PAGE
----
Cadaver disection has always been a fundamental way for medical students to learn human anatomy, but access to cadavers has always been a challenge (as we’ve seen here), and for obvious reasons, each specimen has a strictly limited useful life.
Enter Anatomage, a California based 3D medical technology company that got together with Stanford University’s Division of Clinical Anatomy and created the world’s first life-size 3D interactive virtual dissection table named, not surprisingly,The Anatomage Table. Recently featured on PBS during a 21st century ‘autopsy’ of King Tut, The Anatomage Table uses touch-sensitive interaction to allow the user to cut away layers of the body, rotate it in any direction, and limit the display to specific body parts like the skeleton or internal organs. Like any anatomy book, structures can be labeled, and those labels remain linked to their parts as the body is repositioned.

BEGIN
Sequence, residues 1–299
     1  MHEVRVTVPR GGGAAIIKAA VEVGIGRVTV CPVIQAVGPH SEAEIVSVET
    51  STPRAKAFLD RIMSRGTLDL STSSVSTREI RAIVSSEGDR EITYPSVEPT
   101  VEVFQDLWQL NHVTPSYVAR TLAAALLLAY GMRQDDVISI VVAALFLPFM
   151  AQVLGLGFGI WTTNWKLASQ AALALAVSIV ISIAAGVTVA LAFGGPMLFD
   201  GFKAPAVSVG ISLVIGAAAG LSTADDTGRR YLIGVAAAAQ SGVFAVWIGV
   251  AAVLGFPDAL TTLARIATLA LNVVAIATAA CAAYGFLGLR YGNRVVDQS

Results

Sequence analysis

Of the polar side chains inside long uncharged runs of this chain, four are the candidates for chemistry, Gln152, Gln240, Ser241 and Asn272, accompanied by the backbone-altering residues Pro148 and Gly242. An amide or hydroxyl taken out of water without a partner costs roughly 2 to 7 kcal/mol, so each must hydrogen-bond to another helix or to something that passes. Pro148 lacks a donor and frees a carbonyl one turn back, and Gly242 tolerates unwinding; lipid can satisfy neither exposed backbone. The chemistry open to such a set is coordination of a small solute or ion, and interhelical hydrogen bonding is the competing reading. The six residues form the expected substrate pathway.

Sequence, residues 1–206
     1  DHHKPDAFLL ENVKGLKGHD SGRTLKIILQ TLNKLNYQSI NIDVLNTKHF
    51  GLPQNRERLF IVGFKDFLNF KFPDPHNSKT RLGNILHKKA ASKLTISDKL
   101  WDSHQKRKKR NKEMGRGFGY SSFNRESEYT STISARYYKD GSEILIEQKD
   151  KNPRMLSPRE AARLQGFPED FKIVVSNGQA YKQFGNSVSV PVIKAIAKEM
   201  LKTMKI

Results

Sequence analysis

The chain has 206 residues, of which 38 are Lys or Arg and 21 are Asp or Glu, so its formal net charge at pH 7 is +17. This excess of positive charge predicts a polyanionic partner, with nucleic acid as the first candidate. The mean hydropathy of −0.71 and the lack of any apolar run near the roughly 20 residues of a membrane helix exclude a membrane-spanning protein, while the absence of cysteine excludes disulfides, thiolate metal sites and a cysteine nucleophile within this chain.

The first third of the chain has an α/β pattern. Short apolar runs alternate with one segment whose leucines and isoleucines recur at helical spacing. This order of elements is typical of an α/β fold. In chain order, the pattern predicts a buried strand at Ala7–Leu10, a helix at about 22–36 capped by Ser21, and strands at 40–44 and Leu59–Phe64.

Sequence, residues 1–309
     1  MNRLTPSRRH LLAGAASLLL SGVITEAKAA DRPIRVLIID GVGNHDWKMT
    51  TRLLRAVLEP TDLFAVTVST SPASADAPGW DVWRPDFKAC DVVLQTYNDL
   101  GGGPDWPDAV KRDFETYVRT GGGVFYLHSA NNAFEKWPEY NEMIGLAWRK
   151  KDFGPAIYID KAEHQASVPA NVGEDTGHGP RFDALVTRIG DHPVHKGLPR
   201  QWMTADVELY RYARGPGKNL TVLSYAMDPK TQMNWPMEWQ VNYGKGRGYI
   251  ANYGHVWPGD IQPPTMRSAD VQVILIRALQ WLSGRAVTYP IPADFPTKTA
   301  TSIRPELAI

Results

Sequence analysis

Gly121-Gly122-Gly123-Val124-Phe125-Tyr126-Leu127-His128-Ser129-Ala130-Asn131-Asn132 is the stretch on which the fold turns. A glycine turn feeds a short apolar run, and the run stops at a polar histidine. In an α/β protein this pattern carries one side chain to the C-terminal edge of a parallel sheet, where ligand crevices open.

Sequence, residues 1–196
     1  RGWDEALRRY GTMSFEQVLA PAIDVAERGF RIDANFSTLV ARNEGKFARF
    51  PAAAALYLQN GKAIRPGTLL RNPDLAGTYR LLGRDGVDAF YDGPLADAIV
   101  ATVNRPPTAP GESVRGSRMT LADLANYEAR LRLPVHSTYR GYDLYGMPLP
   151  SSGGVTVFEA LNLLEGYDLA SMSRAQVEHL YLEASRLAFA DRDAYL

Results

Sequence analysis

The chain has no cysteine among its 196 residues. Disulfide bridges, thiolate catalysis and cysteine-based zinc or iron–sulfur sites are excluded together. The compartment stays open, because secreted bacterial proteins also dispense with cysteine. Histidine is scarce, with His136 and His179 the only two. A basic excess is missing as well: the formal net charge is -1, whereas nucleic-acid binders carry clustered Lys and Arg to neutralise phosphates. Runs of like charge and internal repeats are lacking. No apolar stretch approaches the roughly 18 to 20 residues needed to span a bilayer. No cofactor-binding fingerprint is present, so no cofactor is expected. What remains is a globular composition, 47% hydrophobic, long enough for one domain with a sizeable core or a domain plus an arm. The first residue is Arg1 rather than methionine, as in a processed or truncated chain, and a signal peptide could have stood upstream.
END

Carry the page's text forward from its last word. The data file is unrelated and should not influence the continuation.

Of course, through the wonders of portable technology, anyone with a computer or tablet and the right software can experience similar applications on a smaller scale, but the level of detail and one-to-one scale of The Anatomage Table makes it a viable option to cut down (though not eliminate) the need for actual human cadavers – and as Jack Choi, CEO of Anatomage, mentions during a demonstration at a TED talk, if you make a mistake, the digital cadaver has “Undo.”
And let’s face it, it’s just very cool.